November 2013: Equity Work that Matters Spotlight!

Education for Parents of Indian Children with Special Needs

Education for Parents of Indian Children with Special Needs (EPICS) is a non-profit community parent resource center and home to the National Native American Parent Technical Center. Their efforts are two prong: 1) Community Parent Resource Center (CPRC) – they provide advocacy, training support and information dissemination to parents of Native American children with disabilities and/or special healthcare needs from birth to age 26 years old; 2) Native American Parent Technical Assistance Center (NAPTAC) – they provide Universal, Targeted and Intensive Technical Assistance to Parent Training and Information Centers (PTI’s) and Community Parent Resource Center (CPRC) nationwide to help build their capacity in serving Native American families in their funded jurisdiction which is typically per state.

EPICS’ database reports that from 10/01/12 to 09/30/13, they have made 1661 contacts of both professionals and parents combined across all grants. They also have been awarded a cooperative agreement from the U.S. Department of Education – Office of Special Education Programs to be the Native American Parent Technical Assistance Center nationally serving all Parent Centers funded by OSEP. One of the staff members who is a trainer/advocate was elected to serve on the National Indian Education Association (NIEA) board. Their funding has increased within the last 2 years due to the quality of work they have implemented.


EPICS is unique in that it incorporates spirituality and cultural identity as its core in working with Native American families. Especially when it comes to assisting a family who has a child with a disability or special healthcare needs as cultural perceptions vary from tribe to tribe across the nation including access to quality services through the Individuals with Disabilities Education for Improvement Act better known as IDEA 2004. They also understand the barriers that exist in accessing services, cultural and language differences, and therefore their staff has made tremendous strides in working collaboratively across systems and sectors of education to ensure that Native American children with disabilities receive Free and Appropriate Public Education (FAPE) and equitable access to any and all education opportunities from birth and beyond high school. EPICS has been strategic in ways they communicate with Native families about access to services and work effortlessly to grow stronger advocates and self-advocates of both the parents and their children. EPICS has also facilitated trusting relationships with tribal communities in New Mexico and the southwestern region by becoming more involved locally and being mindful and understanding of cultural differences and needs as they vary among tribal communities and engaging them to policy makers, advocates, protection, and advocacy. Lastly, EPICS has translated IDEA related materials in the Navajo language in both audio and print.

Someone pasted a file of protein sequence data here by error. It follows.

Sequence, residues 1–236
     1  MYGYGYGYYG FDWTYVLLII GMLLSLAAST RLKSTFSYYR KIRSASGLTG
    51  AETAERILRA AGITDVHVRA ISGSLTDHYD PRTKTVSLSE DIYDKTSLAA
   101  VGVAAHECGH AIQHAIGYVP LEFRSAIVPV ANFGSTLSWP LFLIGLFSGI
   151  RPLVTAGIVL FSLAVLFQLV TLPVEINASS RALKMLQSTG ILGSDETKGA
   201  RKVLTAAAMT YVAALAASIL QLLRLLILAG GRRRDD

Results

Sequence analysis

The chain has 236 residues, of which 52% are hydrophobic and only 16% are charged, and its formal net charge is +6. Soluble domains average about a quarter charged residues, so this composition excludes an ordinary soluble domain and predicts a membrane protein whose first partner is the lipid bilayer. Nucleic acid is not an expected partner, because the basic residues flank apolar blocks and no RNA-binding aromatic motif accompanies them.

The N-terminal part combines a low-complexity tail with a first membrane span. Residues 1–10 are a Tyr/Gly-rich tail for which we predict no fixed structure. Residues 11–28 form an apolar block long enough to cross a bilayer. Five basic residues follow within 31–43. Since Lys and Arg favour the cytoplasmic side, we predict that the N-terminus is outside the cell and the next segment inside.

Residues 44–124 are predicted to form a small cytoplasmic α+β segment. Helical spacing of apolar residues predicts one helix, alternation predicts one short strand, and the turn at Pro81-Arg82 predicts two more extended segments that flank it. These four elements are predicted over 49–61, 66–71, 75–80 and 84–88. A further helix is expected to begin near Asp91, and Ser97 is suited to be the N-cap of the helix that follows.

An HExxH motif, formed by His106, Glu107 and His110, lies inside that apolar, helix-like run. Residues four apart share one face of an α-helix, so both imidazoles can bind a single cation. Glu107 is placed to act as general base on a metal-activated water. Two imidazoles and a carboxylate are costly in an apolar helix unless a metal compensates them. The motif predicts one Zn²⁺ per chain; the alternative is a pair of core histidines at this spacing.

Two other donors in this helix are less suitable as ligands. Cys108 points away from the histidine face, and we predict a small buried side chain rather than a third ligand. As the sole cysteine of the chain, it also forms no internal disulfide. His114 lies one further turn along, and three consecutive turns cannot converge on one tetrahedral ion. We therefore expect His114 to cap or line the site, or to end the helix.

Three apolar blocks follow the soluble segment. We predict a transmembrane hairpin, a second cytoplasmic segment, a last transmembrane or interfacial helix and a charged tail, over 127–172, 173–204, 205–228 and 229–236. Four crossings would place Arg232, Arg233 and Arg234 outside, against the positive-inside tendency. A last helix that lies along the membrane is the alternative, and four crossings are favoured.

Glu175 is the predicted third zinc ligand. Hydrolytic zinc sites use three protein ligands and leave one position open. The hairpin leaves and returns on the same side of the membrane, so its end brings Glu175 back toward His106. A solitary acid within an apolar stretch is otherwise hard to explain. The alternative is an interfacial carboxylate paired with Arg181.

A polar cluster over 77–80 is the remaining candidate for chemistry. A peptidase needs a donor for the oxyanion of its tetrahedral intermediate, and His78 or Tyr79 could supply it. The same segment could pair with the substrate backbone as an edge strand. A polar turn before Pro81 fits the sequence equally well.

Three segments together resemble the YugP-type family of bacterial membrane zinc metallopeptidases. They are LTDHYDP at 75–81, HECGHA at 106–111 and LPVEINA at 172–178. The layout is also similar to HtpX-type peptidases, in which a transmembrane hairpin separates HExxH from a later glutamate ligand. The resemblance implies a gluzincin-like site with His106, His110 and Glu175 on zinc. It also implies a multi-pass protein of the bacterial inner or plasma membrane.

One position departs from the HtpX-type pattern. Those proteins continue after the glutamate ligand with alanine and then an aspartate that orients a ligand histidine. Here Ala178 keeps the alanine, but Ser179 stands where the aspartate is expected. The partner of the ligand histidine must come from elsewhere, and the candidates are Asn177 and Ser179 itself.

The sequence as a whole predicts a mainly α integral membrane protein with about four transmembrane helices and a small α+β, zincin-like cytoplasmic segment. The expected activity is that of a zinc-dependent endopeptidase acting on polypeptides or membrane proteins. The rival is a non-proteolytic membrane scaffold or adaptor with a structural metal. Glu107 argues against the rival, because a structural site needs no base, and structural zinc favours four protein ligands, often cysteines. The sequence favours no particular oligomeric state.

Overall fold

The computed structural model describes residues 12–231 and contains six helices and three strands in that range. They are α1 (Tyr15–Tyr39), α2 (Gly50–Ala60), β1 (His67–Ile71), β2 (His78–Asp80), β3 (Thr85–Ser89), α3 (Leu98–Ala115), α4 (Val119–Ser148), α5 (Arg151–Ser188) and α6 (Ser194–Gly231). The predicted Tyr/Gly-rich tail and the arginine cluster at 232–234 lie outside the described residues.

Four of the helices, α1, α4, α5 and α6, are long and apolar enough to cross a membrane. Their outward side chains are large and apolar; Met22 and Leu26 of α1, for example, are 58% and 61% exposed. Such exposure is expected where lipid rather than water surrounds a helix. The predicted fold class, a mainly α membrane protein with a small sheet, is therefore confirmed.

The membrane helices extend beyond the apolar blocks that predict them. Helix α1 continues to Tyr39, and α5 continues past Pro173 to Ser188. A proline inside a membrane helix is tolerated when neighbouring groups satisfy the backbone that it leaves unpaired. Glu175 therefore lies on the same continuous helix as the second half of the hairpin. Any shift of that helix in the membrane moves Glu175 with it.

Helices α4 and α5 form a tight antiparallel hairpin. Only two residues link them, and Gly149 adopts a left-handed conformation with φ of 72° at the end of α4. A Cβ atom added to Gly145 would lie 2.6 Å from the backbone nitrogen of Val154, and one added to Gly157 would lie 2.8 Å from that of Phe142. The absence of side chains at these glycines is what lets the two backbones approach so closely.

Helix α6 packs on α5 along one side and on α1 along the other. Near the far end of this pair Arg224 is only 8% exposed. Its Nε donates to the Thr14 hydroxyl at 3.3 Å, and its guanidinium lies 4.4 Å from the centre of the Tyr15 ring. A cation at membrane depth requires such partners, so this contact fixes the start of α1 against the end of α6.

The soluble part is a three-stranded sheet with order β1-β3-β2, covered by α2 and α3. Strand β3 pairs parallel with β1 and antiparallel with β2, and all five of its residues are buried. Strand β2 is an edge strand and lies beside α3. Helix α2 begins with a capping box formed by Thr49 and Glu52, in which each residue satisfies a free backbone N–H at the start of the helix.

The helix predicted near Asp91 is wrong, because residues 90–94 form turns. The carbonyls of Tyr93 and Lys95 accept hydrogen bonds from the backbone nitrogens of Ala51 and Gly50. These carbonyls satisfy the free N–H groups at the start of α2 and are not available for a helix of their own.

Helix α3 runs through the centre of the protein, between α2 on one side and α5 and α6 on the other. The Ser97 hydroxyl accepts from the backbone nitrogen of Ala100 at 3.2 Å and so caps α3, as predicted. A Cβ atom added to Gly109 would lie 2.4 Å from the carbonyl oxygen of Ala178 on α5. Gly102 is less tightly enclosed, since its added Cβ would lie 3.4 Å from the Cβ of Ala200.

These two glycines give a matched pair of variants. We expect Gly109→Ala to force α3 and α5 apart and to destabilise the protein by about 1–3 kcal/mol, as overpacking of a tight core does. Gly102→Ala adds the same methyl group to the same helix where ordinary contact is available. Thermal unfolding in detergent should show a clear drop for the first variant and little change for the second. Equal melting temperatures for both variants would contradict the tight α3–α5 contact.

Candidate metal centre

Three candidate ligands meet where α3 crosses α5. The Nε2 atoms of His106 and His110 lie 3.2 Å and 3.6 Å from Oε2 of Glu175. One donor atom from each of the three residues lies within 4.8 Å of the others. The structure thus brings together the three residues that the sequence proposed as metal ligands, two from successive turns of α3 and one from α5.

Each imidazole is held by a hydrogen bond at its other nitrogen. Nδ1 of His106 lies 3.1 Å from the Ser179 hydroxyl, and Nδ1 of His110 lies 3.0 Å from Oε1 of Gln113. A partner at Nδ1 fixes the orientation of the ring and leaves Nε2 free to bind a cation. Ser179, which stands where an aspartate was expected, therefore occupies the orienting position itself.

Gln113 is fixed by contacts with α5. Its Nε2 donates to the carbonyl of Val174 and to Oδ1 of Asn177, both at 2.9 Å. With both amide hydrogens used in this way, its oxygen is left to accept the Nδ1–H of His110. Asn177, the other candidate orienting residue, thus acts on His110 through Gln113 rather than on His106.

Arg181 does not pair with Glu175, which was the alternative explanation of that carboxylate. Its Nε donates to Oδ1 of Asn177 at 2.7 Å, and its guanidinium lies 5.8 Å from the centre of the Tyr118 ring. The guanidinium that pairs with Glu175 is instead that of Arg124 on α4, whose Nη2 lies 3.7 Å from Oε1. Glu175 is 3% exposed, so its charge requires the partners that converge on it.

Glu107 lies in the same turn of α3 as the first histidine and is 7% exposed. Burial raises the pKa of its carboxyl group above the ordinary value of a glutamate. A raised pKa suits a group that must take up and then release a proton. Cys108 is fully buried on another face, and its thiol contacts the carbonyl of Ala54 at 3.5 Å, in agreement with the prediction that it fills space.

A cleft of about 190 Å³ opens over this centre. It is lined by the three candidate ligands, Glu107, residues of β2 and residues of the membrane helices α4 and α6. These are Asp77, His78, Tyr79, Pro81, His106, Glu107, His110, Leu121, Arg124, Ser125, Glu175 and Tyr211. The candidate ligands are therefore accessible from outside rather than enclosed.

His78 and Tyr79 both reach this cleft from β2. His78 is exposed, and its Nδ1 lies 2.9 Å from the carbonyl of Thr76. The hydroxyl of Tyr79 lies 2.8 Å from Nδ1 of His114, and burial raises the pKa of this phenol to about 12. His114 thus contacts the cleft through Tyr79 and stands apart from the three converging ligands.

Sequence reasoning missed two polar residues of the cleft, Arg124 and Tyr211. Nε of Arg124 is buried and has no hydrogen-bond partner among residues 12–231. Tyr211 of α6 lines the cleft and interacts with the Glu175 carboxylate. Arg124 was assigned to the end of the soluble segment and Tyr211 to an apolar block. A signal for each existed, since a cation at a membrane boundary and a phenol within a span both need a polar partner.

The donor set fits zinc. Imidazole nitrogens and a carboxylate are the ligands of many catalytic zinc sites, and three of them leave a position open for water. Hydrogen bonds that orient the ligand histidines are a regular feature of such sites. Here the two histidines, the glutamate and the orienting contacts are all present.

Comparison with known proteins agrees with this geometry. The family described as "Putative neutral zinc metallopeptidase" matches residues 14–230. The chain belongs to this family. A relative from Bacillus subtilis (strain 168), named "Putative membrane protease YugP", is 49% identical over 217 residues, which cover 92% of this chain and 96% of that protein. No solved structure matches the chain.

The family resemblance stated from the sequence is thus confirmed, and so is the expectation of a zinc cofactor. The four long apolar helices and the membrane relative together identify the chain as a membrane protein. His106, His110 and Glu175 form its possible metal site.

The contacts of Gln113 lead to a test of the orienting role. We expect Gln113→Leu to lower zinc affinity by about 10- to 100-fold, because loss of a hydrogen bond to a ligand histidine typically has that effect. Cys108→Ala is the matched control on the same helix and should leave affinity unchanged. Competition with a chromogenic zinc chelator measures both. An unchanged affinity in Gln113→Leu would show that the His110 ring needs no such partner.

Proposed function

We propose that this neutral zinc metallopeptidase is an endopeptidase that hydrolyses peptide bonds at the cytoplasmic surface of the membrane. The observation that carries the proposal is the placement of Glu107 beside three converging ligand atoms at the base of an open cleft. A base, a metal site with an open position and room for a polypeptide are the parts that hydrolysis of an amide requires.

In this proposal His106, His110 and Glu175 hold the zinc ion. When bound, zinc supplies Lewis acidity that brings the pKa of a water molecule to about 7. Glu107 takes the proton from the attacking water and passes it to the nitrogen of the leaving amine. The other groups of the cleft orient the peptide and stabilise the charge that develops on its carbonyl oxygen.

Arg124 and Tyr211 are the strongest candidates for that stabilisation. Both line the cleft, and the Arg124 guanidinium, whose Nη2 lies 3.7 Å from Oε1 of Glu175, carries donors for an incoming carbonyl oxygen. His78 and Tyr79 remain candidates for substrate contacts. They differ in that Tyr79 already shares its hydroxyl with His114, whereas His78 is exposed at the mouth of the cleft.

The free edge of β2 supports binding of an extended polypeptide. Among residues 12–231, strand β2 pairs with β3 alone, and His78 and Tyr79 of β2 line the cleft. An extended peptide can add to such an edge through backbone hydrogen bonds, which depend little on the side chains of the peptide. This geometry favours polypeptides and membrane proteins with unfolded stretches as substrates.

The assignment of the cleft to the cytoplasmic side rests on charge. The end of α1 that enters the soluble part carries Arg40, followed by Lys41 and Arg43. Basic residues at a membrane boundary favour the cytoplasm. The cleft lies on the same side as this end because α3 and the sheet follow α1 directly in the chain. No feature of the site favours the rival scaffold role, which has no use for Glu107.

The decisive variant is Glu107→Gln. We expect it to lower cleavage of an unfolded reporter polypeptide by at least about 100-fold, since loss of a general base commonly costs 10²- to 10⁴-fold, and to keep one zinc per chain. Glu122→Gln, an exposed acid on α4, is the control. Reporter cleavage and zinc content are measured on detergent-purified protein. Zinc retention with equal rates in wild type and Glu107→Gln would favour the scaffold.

For more information about Education for Parents of Indian Children with Special Needs (EPICS) you can visit their website at: www.epicsnm.org or call them at: 1-888-499-2070 (toll-free) or email them at: info@epicsnm.org.